Pseudo Translate before you Translate

After succeeding in your local market, many will look at entering international markets, where localization of your software graphical user interface (GUI) may become a necessity. Often, a product localization group or a technical translation services group is tasked at this point with converting the application into other languages, including its GUI.

All applications containing a GUI rely on text and graphics to enhance the interface with the user. This often takes the form of icons, menus, dialog boxes, tool tips, and messages.

Traditionally, the process that is followed begins with translating the GUI text. Then, the geometrical X and Y coordinates of text in the dialog boxes are changed to accommodate the typically larger text strings resulting from the translation.

After the translation and resizing are completed, the application is compiled. Quality assurance (QA) is then performed to ensure the accuracy of the translation and location of strings, as well as the absence of truncated strings, corrupt characters, or hard-coded text.

When all the problems are reported, localizers or developers must essentially repeat the initial steps:

  • Correct the reported problems
  • Re-translate the corrected resource files
  • Recompile the application
  • Perform final QA checks to ensure accuracy

When n languages are involved, the above process will take place 2n times, twice for each language. The same problems are often reported by different language teams, and then verified by those same teams.

Pseudo-translation can be used to resolve many localization problems before any translation takes place, eliminating the majority of the problems that are redundantly reported by the localization QA teams. Here is how:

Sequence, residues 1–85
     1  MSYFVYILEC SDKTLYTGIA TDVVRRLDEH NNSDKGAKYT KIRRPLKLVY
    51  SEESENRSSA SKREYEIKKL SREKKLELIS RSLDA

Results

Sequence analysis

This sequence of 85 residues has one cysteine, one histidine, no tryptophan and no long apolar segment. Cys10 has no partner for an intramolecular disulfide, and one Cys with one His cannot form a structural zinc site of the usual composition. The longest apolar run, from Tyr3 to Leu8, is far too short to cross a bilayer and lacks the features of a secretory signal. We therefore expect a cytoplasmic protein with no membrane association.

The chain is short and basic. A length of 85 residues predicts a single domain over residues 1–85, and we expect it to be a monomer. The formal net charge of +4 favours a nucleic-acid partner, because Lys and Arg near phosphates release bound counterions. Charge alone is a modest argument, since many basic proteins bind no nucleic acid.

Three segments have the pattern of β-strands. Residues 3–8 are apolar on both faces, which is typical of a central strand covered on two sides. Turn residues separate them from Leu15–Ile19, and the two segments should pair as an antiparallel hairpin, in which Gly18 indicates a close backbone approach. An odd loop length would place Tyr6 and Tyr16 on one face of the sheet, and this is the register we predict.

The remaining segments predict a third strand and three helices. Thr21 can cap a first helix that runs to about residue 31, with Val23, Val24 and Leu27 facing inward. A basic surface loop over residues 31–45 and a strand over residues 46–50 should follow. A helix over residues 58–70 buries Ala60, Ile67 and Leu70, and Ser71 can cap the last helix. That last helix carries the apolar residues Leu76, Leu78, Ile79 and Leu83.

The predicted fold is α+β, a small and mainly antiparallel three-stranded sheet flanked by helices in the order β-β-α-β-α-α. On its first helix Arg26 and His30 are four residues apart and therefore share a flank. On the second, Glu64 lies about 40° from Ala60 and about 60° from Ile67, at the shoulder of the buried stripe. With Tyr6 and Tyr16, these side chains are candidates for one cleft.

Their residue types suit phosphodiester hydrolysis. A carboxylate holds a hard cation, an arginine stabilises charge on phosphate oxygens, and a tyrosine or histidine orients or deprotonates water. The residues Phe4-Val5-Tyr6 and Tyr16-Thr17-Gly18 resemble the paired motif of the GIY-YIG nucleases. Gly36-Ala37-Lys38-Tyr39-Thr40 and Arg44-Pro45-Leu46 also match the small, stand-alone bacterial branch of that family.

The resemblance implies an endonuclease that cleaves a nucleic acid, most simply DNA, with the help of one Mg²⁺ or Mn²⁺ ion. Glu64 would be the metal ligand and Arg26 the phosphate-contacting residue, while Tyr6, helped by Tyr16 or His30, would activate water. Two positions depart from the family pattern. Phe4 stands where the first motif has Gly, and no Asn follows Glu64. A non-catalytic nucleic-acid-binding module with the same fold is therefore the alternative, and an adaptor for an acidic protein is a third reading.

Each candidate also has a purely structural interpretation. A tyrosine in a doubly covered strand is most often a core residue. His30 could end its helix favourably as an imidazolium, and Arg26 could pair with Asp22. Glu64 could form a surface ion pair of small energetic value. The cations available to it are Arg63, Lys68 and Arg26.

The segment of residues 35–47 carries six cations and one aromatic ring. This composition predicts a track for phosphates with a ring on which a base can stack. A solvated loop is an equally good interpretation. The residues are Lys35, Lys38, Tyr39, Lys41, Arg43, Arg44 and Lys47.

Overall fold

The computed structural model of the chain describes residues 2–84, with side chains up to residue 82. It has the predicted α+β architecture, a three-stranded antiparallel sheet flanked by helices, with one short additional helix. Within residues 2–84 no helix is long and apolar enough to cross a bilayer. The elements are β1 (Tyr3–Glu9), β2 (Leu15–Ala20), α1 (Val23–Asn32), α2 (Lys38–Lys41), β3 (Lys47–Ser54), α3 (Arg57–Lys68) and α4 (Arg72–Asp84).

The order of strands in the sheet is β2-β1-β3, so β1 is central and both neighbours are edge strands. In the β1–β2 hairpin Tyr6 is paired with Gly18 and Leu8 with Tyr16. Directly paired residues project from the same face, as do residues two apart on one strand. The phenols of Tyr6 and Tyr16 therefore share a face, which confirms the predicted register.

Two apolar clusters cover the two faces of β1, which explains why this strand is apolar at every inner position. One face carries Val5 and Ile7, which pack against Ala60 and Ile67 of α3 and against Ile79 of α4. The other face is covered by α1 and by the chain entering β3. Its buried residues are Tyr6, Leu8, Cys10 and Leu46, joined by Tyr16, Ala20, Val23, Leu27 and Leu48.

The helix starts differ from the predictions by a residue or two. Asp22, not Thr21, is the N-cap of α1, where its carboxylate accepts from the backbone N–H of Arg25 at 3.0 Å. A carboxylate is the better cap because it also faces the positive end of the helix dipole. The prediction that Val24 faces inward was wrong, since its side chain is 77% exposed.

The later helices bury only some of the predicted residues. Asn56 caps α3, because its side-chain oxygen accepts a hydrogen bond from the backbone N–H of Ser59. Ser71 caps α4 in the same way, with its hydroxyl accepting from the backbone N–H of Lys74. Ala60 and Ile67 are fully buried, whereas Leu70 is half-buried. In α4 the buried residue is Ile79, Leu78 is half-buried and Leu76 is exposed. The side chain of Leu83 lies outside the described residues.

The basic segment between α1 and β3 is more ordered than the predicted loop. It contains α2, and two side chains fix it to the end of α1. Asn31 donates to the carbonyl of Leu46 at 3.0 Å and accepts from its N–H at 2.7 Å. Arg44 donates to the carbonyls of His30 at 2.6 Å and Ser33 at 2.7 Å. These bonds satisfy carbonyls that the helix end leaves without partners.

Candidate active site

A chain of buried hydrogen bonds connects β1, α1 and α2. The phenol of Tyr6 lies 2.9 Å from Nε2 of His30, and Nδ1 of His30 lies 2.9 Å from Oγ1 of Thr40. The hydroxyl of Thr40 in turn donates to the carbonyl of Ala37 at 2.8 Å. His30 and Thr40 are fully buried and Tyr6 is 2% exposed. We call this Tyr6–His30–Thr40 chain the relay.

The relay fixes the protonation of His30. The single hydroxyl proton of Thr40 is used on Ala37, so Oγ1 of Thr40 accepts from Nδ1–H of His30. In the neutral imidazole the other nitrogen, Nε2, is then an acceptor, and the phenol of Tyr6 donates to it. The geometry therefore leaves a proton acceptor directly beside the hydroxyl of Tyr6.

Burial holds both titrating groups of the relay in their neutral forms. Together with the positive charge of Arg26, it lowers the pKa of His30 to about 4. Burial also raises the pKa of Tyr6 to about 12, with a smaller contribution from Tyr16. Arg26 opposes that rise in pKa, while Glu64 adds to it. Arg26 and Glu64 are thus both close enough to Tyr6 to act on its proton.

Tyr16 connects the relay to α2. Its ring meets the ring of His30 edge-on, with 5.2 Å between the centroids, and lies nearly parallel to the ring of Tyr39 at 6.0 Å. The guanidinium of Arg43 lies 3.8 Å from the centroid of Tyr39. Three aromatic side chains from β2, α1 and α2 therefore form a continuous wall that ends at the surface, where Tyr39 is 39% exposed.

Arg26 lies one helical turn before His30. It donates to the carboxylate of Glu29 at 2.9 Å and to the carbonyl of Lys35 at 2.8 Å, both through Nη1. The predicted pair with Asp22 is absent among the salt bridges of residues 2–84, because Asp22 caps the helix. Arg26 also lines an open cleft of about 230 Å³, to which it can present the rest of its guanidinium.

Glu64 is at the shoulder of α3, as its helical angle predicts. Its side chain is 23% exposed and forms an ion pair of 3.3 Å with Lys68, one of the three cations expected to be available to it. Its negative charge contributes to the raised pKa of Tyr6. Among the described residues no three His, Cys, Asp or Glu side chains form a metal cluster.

1. Detecting encoding problems
    By placing or replacing target characters in all GUI strings, you can detect character-encoding issues in the source files.Here’s an example of two strings from a C resource file, with their respective pseudo-translations in Japanese. In the following examples, Japanese characters replace the vowels in all English words. Each string is augmented by predefined pre- (日本) and post- (本日) text.This technique enables any of your developers to test the product, since the GUI, with some familiarity to it, is still legible:
    IDS_TITLE_OPEN_SKIN “Select Device”
    IDS_TITLE_OPEN_SKIN “日本Slct Dvcイ本日“IDS_MY_OPEN “&Open”
    IDS_MY_OPEN “日本&Opn本日“If your text is not properly encoded, you will see junk characters instead of Japanese characters. The result will display as one of the following:
    IDS_TITLE_OPEN_SKIN “Select Device”
    becomes    IDS_TITLE_OPEN_SKIN “??S?l?ct D?v?c???”
    or             IDS_TITLE_OPEN_SKIN “□□S□l□ct D□v□c□□□”
    or             IDS_TITLE_OPEN_SKIN “ÆüËÜS¥¤l¥¤ct D¥¤v¥¦c¥¤ËÜÆü”After compilation, testers can easily detect corrupt characters and fix any encoding issues in the application. This process eliminates redundancy caused by errors in encoding.
  2. Detecting hard-coded stringsAnother benefit to pseudo-translation is the ability to detect hard-coded strings in the GUI before the localization starts.Consider the above example after the pseudo-translated GUI files are compiled. Instead of Japanese characters in the strings, you will see intact English strings in the GUI.IDS_TITLE_OPEN_SKIN “Select Device”